Life's not a squeeze for pregnant women
Despite their changed body size, pregnant women are just as good as other people at judging whether they are able to fit through openings, such as doorways, or not. This is thanks to a process called perceptual-motor recalibration that helps people to adjust their spatial awareness of their environment based on changes in their body's size and abilities, says John Franchak and Karen Adolph of New York University in the US. Their study, published in Springer's journal Attention, Perception, & Psychophysics, is the first to report such perceptual recalibration in response to actual growth rather than on the experimentally induced manipulation of body size.
The possibilities to perform certain actions reflect the fit between body and environment, which is generally termed as "affordances." When a body changes relative to the environment, affordances also change. It happens constantly across a person's lifespan as motor abilities, body size and morphology change. Pregnancy or illness, for instance, can cause fluctuations in the size and shape of the body that have consequences for action, but over a shorter period.
The researchers tested the expectation that affordance perception may be hindered during pregnancy. They wondered if pregnant women's judgments are based on their original, pre-pregnancy body dimensions, or if their perception actually lags behind their growing bodies.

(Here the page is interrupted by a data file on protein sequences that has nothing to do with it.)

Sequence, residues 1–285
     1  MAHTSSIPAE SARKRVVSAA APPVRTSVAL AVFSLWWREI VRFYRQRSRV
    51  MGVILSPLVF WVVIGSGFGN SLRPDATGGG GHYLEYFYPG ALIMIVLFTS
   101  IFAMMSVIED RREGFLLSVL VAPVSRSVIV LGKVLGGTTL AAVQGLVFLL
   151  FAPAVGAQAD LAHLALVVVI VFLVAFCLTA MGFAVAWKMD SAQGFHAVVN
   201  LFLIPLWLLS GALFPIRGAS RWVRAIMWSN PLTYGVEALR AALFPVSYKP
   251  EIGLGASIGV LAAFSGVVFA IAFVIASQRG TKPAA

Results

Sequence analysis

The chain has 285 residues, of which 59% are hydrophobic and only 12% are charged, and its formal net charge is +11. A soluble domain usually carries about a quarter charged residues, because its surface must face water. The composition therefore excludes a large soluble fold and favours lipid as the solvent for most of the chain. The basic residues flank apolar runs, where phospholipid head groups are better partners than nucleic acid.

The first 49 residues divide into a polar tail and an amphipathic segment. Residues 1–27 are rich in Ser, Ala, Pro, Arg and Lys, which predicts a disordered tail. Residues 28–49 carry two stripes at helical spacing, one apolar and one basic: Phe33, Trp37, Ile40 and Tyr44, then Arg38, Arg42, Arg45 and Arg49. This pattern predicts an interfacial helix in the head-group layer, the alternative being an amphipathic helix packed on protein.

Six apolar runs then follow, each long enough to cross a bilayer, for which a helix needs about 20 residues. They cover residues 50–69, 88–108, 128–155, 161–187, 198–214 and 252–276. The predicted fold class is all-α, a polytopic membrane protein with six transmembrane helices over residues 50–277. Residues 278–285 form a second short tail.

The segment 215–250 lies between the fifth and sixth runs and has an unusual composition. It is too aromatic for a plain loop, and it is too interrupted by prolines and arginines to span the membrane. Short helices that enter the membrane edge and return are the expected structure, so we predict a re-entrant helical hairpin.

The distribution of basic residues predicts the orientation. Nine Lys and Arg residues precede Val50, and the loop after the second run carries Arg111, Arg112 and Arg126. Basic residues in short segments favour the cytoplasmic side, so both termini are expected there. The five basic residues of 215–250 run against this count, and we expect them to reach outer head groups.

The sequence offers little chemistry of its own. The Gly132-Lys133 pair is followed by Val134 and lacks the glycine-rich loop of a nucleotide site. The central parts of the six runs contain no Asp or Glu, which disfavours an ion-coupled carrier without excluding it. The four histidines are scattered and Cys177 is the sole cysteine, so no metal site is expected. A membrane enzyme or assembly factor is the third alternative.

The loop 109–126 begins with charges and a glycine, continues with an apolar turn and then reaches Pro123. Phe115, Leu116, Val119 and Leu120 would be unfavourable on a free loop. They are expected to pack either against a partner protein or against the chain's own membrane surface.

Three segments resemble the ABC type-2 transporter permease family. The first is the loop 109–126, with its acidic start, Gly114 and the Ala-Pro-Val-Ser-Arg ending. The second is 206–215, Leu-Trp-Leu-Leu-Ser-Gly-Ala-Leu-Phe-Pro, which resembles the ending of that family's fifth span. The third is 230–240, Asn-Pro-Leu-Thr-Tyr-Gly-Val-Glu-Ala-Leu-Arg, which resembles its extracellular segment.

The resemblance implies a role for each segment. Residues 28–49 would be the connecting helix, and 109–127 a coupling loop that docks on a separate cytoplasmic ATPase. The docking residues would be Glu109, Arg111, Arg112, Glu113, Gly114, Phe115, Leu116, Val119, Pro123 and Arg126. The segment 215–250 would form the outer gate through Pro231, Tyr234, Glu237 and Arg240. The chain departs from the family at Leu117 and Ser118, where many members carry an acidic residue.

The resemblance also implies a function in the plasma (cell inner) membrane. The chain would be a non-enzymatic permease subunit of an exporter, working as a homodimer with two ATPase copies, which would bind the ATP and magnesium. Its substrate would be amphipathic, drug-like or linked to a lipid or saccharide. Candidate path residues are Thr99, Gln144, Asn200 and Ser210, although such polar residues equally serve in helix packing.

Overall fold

From the first experiment, in which 11 women participated during the course of their pregnancies, the researchers learnt that pregnant women were able to fully adapt to changes in their abilities to squeeze through doorways. They made errors comparable to non-pregnant adults. As their bellies increased in size, so did their judgments of what doorways were possible to squeeze through in a sideways position.
Because pregnant women grow gradually and have the benefit of everyday experience to learn about their changing bodies, another experiment was designed in which participants wore a pregnancy pack simulating a pregnancy around nine months. The participants initially grossly misjudged affordance when wearing the pregnancy pack, and overcompensated for the added girth of the prosthesis. However, when they were first allowed to practice and move, they were able to make the necessary changes and adapt. Movement made a more accurate perceptual motor recalibration possible.
"Pregnant women accurately perceived the space needed to accommodate their growing bodies," writes Franchak, who stresses that changes to the body must be considered with respect to a task and an environment, and what is possible to perform or not.
"The experience of weight gain or weight loss likely operates similarly to pregnancy— experience might be necessary to facilitate recalibration to changes in body size and compression, in other words, how much the body can be 'squeezed' to fit through a specific opening," adds Adolph.